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I have found an algorithm called the Binary GCD/Stein Algorithm which takes two non-negative integers and finds the greatest common factor of the two.

What I am trying to do is take three numbers and find if each pair is relatively prime (where the GCD is one). For example, if I have non-negative variables a b and c, then:

a = 1
b = 1
c = 2

Would satisfy this because none of these numbers have a GCD that is larger than one. Using a variation of the Stein Algorithm in Java, I would like to be able to find the GCD of all three pairs of numbers (ab bc ac) with each side being able to go up to five, for the sake of simplicity.

Is there a way I could tweak the algorithm to compute the GCD of three numbers, or would I have to compute three groups of two pairs?

Thanks for any and all help.

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Please note, there is an example of the implementation of this algorithm, in Java, on the link above. –  nmagerko Dec 23 '11 at 18:07
    
If you treat $\gcd$ as an operator, much like addition or multiplication, it's commutative and associative. –  J. M. Dec 23 '11 at 18:17
    
you could call your gcd function twice $d={\rm gcd}(a,b)$, $e={\rm gcd}(d,c)$ –  yoyo Dec 23 '11 at 18:19
    
It may be commutative if I have two of the same number, but if the sides are 11,6,1, I don't see how they could be commutative. Maybe I am misunderstanding your comment? –  nmagerko Dec 23 '11 at 18:20
1  
$\gcd(a,b,c) = \gcd(\gcd(a,b),c) = \gcd(a,\gcd(b,c))=\gcd(\gcd(a,c),b)$ –  Álvaro Lozano-Robledo Dec 23 '11 at 18:21

1 Answer 1

up vote 4 down vote accepted

As others say, one way to do it is using the identity $\gcd(a,b,c)=\gcd(a,(\gcd(b,c))$. This identity is true since the "gcd" is the maximal element of the intersection of the sets of factors of the inputs. For example, taking $\gcd(6,10)$, the set of factors of $6$ is {$6, 3, 2, 1$}, the set of factors of $10$ is {$10, 5, 2, 1$}, their intersection is {$2, 1$}, and the maximal element is $2$. The identity follows since intersections of sets are commutative and associative.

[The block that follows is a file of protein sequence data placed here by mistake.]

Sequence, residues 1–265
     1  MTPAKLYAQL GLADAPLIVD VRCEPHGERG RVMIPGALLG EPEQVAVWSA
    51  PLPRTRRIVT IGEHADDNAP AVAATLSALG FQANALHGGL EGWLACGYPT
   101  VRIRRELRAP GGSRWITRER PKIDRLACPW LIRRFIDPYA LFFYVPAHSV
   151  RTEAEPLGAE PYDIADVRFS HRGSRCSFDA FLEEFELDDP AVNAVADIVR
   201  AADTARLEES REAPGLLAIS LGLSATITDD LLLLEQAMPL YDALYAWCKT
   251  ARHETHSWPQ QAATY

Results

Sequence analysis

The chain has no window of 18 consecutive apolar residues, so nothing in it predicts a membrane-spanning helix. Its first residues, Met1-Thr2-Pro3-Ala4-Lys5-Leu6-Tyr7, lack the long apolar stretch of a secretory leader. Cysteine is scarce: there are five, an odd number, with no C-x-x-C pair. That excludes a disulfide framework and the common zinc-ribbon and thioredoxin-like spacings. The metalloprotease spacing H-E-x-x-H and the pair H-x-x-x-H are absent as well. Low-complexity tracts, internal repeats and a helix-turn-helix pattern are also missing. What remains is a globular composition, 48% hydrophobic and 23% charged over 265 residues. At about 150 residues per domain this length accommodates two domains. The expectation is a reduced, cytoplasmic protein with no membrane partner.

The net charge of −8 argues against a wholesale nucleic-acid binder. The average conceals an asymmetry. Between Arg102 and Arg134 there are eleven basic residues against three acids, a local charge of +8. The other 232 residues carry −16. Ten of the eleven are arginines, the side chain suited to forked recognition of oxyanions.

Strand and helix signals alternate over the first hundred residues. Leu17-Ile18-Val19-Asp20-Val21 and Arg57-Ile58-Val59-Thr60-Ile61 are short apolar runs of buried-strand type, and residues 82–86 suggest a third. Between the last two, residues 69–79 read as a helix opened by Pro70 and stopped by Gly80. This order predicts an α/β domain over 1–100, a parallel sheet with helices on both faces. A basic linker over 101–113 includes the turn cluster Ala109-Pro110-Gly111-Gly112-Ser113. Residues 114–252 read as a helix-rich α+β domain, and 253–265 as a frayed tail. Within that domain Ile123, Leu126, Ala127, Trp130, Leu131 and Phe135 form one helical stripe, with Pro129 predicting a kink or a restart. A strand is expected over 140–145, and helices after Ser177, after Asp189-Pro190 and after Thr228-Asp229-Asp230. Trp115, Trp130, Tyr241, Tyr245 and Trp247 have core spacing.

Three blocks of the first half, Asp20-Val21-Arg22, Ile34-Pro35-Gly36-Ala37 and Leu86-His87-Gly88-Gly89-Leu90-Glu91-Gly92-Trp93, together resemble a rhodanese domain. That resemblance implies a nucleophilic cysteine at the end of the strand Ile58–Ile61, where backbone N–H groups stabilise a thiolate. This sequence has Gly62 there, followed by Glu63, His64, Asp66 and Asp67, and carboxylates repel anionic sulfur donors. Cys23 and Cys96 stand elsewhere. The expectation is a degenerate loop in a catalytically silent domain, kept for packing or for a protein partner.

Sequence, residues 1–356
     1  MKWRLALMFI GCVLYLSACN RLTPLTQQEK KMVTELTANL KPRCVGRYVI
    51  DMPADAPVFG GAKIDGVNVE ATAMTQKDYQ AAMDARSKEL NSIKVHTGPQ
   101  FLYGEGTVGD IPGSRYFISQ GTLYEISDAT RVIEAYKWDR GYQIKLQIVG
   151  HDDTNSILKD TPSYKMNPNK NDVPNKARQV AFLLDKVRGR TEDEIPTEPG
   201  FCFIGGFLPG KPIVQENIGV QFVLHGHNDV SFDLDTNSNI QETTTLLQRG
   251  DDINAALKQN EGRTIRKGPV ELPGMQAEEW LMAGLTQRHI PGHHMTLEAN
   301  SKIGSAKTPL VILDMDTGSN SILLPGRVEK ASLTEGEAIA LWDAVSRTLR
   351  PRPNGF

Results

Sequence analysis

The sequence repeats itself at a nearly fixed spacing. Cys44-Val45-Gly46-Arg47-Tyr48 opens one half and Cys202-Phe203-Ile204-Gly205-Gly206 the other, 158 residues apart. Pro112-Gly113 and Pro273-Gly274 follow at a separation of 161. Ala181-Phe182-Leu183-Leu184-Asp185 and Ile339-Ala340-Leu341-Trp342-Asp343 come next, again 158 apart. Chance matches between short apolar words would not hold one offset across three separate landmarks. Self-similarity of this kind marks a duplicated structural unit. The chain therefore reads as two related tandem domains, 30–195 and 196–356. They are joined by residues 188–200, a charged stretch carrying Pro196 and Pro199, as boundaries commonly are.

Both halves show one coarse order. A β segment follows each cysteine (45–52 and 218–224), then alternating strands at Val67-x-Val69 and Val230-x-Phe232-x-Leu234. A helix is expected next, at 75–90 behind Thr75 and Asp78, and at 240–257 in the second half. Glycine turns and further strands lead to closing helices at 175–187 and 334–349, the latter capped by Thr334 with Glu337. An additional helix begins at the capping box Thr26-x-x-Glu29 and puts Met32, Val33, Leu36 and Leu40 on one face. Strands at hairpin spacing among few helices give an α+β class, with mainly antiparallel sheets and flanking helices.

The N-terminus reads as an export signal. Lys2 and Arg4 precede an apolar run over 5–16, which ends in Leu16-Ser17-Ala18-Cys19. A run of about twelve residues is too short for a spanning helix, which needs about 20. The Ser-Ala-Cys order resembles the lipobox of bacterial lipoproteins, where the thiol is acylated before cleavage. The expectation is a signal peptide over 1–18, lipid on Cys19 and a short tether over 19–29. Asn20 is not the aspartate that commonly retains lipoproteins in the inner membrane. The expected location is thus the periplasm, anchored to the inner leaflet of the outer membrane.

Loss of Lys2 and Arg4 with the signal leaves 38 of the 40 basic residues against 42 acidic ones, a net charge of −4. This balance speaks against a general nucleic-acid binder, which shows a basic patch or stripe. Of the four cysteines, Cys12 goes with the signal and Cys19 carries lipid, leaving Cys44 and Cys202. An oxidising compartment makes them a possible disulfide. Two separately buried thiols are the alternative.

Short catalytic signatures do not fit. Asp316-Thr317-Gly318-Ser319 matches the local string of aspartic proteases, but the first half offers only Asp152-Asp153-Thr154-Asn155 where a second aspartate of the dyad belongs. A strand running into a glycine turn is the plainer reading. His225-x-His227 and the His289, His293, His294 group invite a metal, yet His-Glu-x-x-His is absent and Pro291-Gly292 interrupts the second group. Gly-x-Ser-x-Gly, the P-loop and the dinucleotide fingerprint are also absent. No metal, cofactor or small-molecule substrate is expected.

However, it's also possible to extend Stein's algorithm to handle more than two inputs. Wikipedia gives 5 steps to Stein's algorithm, and we can change them to the following to compute the gcd of a set $S$ of numbers:

  1. If anything in $S$ is zero, remove it.
  2. If everything in $S$ is even, divide everything in $S$ by 2, and then multiply the final answer by 2 at the end.
  3. If some numbers in $S$ are even and some are odd, divide all the even numbers by 2.
  4. If every number in $S$ is odd, then choose an arbitrary element of $S$ and call it $k$. Replace every other element, say $n$, with $|n-k|/2$.
  5. Repeat steps 1–4 until there is only one remaining element in $S$. After you remember to multiply in the twos that you got from step 2, that's your gcd!
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I do believe that this algorithm takes the minimal element of the intersection, doesn't it? –  nmagerko Dec 23 '11 at 19:26

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